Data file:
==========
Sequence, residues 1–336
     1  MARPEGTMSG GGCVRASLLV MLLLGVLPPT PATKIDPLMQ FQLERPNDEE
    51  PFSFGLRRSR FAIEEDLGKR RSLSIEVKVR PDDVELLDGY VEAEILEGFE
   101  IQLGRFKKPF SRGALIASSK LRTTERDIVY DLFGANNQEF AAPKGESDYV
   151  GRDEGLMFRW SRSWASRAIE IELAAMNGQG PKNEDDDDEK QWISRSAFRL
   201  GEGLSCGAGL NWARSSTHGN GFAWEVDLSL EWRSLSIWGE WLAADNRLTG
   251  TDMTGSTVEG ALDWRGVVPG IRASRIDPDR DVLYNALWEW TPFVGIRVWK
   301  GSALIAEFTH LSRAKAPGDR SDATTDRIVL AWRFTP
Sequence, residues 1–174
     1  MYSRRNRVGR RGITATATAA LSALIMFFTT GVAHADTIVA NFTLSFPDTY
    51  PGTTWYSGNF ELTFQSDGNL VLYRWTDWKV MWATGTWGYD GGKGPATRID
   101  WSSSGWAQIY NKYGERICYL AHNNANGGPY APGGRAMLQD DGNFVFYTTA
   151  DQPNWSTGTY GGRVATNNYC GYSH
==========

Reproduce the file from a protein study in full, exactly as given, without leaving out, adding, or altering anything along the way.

Sequence, residues 1–336
     1  MARPEGTMSG GGCVRASLLV MLLLGVLPPT PATKIDPLMQ FQLERPNDEE
    51  PFSFGLRRSR FAIEEDLGKR RSLSIEVKVR PDDVELLDGY VEAEILEGFE
   101  IQLGRFKKPF SRGALIASSK LRTTERDIVY DLFGANNQEF AAPKGESDYV
   151  GRDEGLMFRW SRSWASRAIE IELAAMNGQG PKNEDDDDEK QWISRSAFRL
   201  GEGLSCGAGL NWARSSTHGN GFAWEVDLSL EWRSLSIWGE WLAADNRLTG
   251  TDMTGSTVEG ALDWRGVVPG IRASRIDPDR DVLYNALWEW TPFVGIRVWK
   301  GSALIAEFTH LSRAKAPGDR SDATTDRIVL AWRFTP
Sequence, residues 1–174
     1  MYSRRNRVGR RGITATATAA LSALIMFFTT GVAHADTIVA NFTLSFPDTY
    51  PGTTWYSGNF ELTFQSDGNL VLYRWTDWKV MWATGTWGYD GGKGPATRID
   101  WSSSGWAQIY NKYGERICYL AHNNANGGPY APGGRAMLQD DGNFVFYTTA
   151  DQPNWSTGTY GGRVATNNYC GYSH